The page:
The current Ebola outbreak -- the largest-ever -- is centered in West Africa, although the Centers for Disease Control and Prevention last week confirmed the first U.S.-diagnosed case.
It's travel related. The patient is from Liberia and began showing symptoms several days after arriving in the states. He's being treated in Texas.
While the possibility of the Tri-Cities seeing an Ebola case is relatively remote, the area's top public health official said "our local area is prepared." Dr. Amy Person, health officer of the Benton-Franklin Health District, said the community has plans in place for dealing with events such as an infectious disease outbreak.
And the U.S. health system is better-equipped to deal with an illness like Ebola, she said, noting the precautions needed to prevent its spread -- like wearing gloves and masks -- already are standard at hospitals in the Tri-Cities and around the country. Health officials also know to be asking additional screening questions, she said.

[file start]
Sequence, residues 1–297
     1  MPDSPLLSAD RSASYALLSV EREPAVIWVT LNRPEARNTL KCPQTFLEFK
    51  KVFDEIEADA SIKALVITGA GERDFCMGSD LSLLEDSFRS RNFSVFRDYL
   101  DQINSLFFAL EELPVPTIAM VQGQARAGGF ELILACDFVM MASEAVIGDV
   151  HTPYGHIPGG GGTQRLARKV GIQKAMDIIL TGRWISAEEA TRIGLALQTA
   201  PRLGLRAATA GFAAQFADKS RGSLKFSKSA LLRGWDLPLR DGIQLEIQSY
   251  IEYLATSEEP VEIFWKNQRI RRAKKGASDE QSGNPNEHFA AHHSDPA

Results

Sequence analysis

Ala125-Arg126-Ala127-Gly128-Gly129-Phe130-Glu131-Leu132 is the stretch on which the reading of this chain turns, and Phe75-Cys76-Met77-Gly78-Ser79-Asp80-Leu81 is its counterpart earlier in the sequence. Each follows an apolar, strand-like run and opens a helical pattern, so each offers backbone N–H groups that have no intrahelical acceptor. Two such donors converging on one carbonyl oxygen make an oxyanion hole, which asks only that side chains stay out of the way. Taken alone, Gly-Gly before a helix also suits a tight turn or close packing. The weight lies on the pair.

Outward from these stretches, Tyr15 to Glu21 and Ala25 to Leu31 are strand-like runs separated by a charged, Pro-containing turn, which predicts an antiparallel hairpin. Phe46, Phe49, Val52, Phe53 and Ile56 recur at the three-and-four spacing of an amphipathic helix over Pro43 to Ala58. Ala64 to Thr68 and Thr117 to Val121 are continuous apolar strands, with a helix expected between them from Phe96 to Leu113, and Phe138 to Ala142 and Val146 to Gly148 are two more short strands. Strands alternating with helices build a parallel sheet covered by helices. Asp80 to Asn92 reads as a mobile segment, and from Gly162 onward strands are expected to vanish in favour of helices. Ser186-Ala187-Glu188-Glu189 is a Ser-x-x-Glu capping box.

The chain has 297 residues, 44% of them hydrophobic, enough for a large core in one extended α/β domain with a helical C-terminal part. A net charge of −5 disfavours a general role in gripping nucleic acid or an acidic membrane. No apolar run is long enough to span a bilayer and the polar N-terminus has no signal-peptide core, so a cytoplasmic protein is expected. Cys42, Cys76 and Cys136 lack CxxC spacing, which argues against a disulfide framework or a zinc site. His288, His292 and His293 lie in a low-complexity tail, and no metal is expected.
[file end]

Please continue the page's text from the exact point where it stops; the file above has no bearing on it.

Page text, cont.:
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Officials from the local hospitals said they're keeping tabs on the epidemic and sharing information with staff. At Trios Health, for example, a small task force has convened to ensure preparedness in the event of a case, with special emphasis on "listening carefully to patients talking as they describe their symptoms and questioning rigorously about recent travel history," said spokeswoman Lisa Teske.
Person said it's good for the public to be informed about Ebola and the outbreak.
But, "while people may worry about things they see in the news," they should also remember to take steps to protect against more common illnesses -- like the flu -- that are more likely to cause them problems.
That means, for example, covering coughs, washing hands and getting flu shots, she said.
The CDC's resource page on Ebola can be found at www.cdc.gov/vhf/ebola.